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Focused Ultrasound for Pancreatic Cancer: Trial Results Prove Safety, Initial Efficacy

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Key Points The data from an initial clinical trial in Korea were critical for establishing safety, preliminary efficacy, and the protocol parameters for a larger study. Jae Young Lee, MD, PhD, used the ultrasound-guided Alpinion focused ultrasound device plus standard-of-care chemotherapy to decrease tumor size in patients with pancreatic cancer. A phase II clinical trial is now underway in Korea and nearing its enrollment goal. Early, proof-of-concept safety data and the protocol parameters from a pancreatic cancer focused ultrasound plus chemotherapy clinical trial have now been published. This small, 9-participant clinical trial, which completed enrollment in 2019, was critical for establishing safety, preliminary efficacy, and the protocol parameters for the phase II clinical trial that is now underway. All participants were pathologically diagnosed with unresectable pancreatic cancer. Jae Young Lee, MD, PhD, professor of Radiology and president at Seoul National University Medical Research Center in Korea, is the principal investigator for both (phase I and II) studies. He and his team are using the ultrasound-guided Alpinion focused ultrasound device and standard-of-care chemotherapy regimens to address pancreatic cancer that is unresectable (which is the case in about 80% of patients with pancreatic cancer). “Pancreatic cancer typically presents with a dense fibrous stroma and low vascularity, which limits drug delivery and efficacy,” said Dr. Lee in the publication. “Therefore, there is an urgent need to develop new treatment options to enhance drug delivery.” Dr. Lee hypothesizes that focused ultrasound can weaken the tumor’s dense stroma to allow chemotherapy to penetrate the cancer cells. As published in European Radiology, the nine participants in the phase I study were assigned to one of three predefined treatment intensity groups (low, intermediate, or high) for six combined treatments of focused ultrasound plus nab-paclitaxel plus gemcitabine chemotherapy. Although it was primarily a safety study, after treatment, the team also measured changes in tumor size, tumor response, tumor marker levels, patient-reported outcomes, and survival. The treatments were safe, and participants experienced no adverse effects. Tumor size decreased more than 15% in seven of the nine participants at both the immediate and 3-month follow-up computed tomography scans. Tumor marker levels decreased in all participants. The intermediate intensity treatment was the most effective, with this group showing the largest decreases in tumor size (more than 30%) and tumor markers plus a significant improvement in survival (p < 0.05). “A key point of the proof-of-concept study is that the Seoul National team showed that they were able to access the patients’ tumors and treat them without complications,” said Tim Meakem, MD, the Foundation’s Chief Medical Officer. “This was not a small issue to solve, because accessing the pancreas with focused ultrasound has been challenging. Some efforts to treat similar patients using MRI guidance have been difficult, simply due to the size and access limitations of the MRI. Dr. Lee used ultrasound guidance for this procedure, which avoided these issues. The safety and initial efficacy of this project were well received by his colleagues, and almost all of the participants for the phase II study have already been enrolled.” The phase II, 60-participant study is being funded by the Focused Ultrasound Foundation. For phase II, the team is using a FOLFIRINOX regimen of chemotherapy. Dr. Lee presented interim phase II results at the 8th International Symposium on Focused Ultrasound. See the Video > See European Radiology > Related StoriesPancreatic Cancer Clinical Trial Begins in Korea October 2021 Research Awards Update: 15 Projects Initiated in the First Six Months of 2021 September 2021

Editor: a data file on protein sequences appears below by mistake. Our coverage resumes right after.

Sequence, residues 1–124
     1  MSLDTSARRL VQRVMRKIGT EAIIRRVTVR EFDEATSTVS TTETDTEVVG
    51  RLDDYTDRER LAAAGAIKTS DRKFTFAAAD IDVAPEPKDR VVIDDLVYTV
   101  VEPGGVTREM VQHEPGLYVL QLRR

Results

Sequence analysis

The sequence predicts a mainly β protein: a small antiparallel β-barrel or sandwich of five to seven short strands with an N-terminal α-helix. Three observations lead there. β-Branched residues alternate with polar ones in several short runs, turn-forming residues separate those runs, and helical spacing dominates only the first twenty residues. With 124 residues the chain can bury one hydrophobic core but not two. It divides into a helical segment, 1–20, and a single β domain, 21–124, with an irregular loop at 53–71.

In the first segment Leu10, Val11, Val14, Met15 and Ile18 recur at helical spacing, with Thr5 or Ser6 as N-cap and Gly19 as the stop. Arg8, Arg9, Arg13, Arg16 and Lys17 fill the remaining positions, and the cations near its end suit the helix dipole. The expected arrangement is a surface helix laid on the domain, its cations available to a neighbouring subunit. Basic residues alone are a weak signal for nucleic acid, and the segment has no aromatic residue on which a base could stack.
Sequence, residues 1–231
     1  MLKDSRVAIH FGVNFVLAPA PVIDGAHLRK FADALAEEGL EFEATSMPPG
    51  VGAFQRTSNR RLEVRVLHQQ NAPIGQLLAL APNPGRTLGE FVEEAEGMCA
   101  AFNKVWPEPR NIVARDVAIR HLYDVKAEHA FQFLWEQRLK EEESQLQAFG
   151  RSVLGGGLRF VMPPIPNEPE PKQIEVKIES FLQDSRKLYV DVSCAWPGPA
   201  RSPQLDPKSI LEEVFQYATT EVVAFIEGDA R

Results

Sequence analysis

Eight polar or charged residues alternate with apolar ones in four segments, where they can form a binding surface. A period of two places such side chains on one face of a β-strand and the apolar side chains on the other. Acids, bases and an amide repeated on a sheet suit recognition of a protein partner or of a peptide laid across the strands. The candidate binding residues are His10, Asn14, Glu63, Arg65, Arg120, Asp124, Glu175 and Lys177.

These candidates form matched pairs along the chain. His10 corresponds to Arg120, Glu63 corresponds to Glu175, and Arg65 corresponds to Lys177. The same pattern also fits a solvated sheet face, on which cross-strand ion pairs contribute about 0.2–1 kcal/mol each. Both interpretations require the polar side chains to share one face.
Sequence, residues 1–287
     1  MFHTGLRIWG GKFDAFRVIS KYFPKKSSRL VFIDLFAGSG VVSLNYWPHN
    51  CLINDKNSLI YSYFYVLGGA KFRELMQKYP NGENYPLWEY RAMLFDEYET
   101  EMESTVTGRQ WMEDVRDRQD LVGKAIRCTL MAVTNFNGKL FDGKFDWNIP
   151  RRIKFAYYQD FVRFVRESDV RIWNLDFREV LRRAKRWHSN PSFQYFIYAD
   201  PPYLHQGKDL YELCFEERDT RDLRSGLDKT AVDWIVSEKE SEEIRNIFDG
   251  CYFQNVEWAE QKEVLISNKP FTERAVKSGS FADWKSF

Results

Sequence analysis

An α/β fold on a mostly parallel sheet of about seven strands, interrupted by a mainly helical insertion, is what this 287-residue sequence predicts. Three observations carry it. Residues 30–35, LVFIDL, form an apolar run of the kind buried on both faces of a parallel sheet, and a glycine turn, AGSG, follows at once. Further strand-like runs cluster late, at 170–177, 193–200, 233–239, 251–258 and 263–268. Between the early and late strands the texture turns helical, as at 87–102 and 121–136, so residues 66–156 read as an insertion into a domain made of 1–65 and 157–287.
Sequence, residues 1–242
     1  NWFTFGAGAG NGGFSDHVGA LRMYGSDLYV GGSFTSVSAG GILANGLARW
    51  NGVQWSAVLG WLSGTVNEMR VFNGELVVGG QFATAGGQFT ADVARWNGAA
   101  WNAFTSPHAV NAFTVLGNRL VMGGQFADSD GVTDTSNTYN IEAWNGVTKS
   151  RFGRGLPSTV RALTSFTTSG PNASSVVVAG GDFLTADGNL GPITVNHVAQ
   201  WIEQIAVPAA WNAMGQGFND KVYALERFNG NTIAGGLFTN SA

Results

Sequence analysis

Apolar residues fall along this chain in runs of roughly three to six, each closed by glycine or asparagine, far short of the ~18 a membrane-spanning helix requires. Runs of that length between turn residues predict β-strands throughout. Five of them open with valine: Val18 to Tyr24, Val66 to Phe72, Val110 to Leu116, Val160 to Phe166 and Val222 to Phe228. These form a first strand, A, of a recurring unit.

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Parkinson’s Patient Story: Focused Ultrasound Clinical Trial Turns Skeptic into Advocate

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Chuck’s Parkinson’s disease symptoms – including tremors and rigidity – disrupted his personal and professional life. Although Chuck was excited to take part in a focused ultrasound clinical trial, his wife Maureen, a physician, was hesitant. Now, three months after the procedure, Chuck has resumed his work and hobbies and is preparing for his second focused ultrasound treatment.